The captain sailed away, and that night ran into Cedar Key, hid his boat and proceeded to call on his friend, the collector of the port.
Here he found that his action had created a great furor. Orders had been received from the treasury department to capture him at any cost, whatever. The whole patrol of the gulf coast had been ordered to be on the lookout for him, and the collector said to him:
“Captain, you have played the very devil this time, sure!”
After waiting a day or two for better information, the captain sailed back to his Robinson Crusoe friends, and found, as he expected, that they had had experiences which more than compensated him for his trip under the waterfall. Between the deer flies, sand flies and mosquitos, their faces were hardly recognizable; but they were so glad to see the captain and get away from the island that they very shortly forgot all their troubles, and the new dangers which the captain told them of were as nothing to those of the Devil’s Island which they had left behind and as one of them stated, he “would rather spend ten years in the penitentiary than one more night in that cursed place.”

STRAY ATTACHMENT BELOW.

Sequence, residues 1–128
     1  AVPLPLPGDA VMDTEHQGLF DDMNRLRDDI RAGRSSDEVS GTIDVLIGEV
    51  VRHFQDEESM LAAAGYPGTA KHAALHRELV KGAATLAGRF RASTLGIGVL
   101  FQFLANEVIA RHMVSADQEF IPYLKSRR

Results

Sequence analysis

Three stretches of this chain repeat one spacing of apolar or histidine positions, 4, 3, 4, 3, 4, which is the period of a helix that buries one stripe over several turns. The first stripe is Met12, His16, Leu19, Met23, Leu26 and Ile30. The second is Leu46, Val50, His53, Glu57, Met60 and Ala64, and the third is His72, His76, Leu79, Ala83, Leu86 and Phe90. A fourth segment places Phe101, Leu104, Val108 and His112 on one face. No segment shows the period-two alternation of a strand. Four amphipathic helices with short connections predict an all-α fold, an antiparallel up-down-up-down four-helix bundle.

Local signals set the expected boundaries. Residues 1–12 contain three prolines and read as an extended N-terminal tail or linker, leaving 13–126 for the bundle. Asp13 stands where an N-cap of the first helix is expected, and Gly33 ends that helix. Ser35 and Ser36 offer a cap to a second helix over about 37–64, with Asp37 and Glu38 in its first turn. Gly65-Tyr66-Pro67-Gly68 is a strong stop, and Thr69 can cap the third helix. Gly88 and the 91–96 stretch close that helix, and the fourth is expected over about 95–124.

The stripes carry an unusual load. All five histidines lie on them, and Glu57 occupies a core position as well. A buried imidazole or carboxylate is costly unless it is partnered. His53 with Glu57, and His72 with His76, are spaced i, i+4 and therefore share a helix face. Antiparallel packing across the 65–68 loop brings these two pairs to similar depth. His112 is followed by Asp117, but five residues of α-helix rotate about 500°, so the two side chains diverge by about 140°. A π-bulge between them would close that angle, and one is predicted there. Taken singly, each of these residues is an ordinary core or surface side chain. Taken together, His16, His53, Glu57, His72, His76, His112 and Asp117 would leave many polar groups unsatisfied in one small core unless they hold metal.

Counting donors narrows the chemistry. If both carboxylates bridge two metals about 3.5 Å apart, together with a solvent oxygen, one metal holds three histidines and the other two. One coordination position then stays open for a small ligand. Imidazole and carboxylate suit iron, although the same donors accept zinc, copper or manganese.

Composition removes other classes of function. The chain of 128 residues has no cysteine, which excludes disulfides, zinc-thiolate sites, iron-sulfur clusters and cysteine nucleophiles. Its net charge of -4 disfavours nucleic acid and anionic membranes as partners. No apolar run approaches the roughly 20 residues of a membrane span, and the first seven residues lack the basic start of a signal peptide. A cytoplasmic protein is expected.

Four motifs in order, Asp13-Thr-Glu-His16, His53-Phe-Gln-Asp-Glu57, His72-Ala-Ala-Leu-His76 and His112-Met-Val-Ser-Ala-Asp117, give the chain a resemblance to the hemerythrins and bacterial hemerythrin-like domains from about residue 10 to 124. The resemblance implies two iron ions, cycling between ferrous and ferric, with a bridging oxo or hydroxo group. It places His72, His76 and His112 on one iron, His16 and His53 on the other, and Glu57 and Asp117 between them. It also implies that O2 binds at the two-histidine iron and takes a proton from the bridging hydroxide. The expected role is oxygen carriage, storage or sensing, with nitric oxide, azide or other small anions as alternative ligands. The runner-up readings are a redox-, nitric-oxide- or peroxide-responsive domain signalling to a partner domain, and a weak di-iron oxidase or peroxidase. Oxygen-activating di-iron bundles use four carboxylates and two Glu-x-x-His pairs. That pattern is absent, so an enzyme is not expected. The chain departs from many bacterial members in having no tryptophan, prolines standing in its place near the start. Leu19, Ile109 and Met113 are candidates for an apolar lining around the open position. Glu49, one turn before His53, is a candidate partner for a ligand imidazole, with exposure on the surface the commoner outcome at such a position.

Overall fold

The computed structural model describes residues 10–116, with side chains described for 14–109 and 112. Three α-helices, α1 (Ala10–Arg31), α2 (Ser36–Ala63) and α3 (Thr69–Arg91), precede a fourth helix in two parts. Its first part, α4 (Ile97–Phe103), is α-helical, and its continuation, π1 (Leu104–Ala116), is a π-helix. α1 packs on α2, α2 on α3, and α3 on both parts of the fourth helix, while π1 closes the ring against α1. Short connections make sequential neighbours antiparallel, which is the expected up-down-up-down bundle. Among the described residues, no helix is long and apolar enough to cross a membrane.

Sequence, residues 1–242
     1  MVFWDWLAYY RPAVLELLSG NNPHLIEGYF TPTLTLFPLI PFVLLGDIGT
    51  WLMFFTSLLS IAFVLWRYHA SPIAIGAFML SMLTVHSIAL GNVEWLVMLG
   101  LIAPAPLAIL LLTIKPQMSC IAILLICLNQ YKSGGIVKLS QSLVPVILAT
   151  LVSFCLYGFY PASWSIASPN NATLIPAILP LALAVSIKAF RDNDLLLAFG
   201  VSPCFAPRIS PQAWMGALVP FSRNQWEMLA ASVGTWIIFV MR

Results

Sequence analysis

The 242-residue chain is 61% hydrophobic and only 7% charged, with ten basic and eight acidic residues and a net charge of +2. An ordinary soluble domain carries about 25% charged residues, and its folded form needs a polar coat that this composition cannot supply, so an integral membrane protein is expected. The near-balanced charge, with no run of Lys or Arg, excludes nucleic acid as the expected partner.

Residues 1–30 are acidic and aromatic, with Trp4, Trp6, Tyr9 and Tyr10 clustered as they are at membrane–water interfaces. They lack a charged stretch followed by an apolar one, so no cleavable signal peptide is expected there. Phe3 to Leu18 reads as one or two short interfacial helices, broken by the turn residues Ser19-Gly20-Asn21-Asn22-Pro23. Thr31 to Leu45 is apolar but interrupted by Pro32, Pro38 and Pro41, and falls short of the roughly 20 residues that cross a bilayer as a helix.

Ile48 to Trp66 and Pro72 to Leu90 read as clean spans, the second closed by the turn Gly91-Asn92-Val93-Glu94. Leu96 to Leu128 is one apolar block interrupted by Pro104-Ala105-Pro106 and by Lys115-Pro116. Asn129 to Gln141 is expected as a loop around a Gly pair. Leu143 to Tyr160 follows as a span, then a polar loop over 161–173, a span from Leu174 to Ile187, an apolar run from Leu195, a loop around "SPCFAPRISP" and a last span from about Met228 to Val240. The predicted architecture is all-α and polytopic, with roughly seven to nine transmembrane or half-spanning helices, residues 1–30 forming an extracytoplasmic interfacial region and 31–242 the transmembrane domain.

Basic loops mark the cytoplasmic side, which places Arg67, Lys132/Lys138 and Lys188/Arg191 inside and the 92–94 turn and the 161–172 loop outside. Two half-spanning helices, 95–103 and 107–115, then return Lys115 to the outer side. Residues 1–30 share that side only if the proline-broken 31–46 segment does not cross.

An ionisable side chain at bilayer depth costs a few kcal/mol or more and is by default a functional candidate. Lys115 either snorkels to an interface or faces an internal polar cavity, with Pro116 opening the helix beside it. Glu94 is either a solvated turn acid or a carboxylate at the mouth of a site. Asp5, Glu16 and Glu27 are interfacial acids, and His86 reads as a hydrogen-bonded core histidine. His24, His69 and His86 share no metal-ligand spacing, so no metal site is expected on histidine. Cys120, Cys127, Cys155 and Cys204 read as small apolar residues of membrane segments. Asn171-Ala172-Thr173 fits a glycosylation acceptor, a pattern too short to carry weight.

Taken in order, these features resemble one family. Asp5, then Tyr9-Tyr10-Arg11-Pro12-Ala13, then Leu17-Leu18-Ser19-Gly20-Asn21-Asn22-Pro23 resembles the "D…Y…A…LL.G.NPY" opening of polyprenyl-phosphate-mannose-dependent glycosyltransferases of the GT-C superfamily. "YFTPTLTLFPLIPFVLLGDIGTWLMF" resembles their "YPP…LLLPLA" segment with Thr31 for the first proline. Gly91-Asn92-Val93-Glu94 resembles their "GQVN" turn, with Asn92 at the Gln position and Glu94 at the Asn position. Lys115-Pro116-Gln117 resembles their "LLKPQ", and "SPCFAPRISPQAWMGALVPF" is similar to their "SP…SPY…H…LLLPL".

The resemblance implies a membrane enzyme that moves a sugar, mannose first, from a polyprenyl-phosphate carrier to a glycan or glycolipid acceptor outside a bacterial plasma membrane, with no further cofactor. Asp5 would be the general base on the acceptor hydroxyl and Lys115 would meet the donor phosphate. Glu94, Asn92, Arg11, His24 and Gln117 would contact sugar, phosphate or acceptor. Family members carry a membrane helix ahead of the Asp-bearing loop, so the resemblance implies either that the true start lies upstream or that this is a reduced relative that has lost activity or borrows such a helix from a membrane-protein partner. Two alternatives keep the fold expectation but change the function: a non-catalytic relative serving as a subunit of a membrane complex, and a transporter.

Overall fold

The captain took them to Cedar Key at night, locked them in a box car attached to a freight train, and supplied them with food and drink, and imposed the necessity of the greatest quiet upon them. The captain who had taken the engineer and train crew into his confidence, then went back and went to sleep in the caboose.
Arriving at Baldwin, Florida, near Jacksonville, the captain got together five or six of his old friends, and telling them that they must act as United States marshals, he had them seize his box car friends and lock them up as prisoners of the United States government, charged with treason, allowing no communication with the outside world.
He then proceeded to Jacksonville, and after an interview with his senior United States senator, made arrangement to go on to Washington with him. Before doing so, however, he went down to Baldwin and had a jail delivery, shipping his friends away to their Northern homes, very much delighted with their escape from the toils of the law and Florida adventures.